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NEW YORK (Reuters Life!) - Bars, breweries and beverage companies across the United States plan to mark the 75th anniversary of the repeal of Prohibition on Friday but not everyone will be celebrating.
The Back Room, a historic speakeasy in Manhattan, will create martinis with "bathtub" gin on the day. Boston's Eastern Standard Kitchen & Drinks will be serving Prohibition-era cocktails, including the Income Tax, a mix of gin, vermouth, Angostura bitters and orange juice, though not at Prohibition-era prices.
And in San Francisco they will celebrate the end of the country's dry spell, when the sale and consumption of alcoholic beverages was banned, with a parade along Market Street ending in a beer festival at the 21st Amendment Brewery.
But the Woman's Christian Temperance Union (WCTU) will not be lifting their glasses to toast the occasion.
"The WCTU does not really plan to have any special observance this Friday," said Rita Wort, the president of the national organization founded in 1874 that spearheaded the fight to ban alcohol in the United States during the early part of the 20th Century.
"We believe today that it will need to be a personal choice by individuals to observe and hold fast to a personal prohibition or total abstinence for living," she added in an interview.
From 1920 until its repeal in 1933, the 18th Amendment banned the manufacture, sale and distribution of intoxicating liquor nationwide. There were some exceptions to what was called the Noble Experiment -- for sacramental wines and home-made brews -- but it put a stopper in wine and liquor industry.
Thought by its supporters to cure the social ills of husbands spending the rent money in saloons, as well as preventing work-place accidents and cutting crime, prohibition gave rise to speakeasies, the Jazz Age and gangsters like Chicago's Al Capone.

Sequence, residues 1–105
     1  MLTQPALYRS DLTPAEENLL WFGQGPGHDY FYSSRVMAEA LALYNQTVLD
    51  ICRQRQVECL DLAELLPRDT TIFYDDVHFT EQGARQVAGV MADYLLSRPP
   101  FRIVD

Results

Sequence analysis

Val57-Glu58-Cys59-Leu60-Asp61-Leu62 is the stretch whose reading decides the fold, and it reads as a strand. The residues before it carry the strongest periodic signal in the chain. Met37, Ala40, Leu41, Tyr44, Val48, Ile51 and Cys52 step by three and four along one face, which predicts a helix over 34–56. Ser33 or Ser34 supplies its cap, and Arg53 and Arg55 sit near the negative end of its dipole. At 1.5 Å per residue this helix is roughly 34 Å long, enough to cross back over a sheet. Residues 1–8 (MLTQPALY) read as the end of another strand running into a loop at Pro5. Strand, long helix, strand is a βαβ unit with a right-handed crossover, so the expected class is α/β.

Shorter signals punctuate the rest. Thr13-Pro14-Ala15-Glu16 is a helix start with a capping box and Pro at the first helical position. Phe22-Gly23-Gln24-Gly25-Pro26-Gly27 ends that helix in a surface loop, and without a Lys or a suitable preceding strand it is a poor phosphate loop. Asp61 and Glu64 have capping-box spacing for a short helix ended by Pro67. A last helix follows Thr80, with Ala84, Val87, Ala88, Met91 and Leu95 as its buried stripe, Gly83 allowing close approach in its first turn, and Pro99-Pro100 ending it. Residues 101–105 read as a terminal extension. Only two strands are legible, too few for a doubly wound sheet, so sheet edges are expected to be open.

The gangsters would smuggle rum from the Caribbean, whiskies from Canada and operate private stills and private clubs or speakeasies.
Despite the repeal three-quarters of a century ago, Wort believes it was a worthwhile effort that had many benefits.
"We do not, however, think that Prohibition was a failure as does most of the rest of the world," she explained.
Some of the benefits she cited were studies published in the 1960s that showed wife beating and the lack of family support dropped by 82 percent, drunkenness was down 55.3 percent and assault decreased 53.1 percent while Prohibition laws were in effect.
The WCTU, which describes itself as the oldest voluntary, non-sectarian woman's organization in continuous existence in the world, has affiliates in Australia, Germany and Norway. It works to educate the public about the harmful effects of alcohol, tobacco and illegal drugs.
U.S. President Franklin D. Roosevelt, who is credited with leading the United States out of the Great Depression, is reported to have said upon signing the 21st Amendment to the Constitution repealing Prohibition, "I believe this would be a good time for a beer."
Editing by Patricia Reaney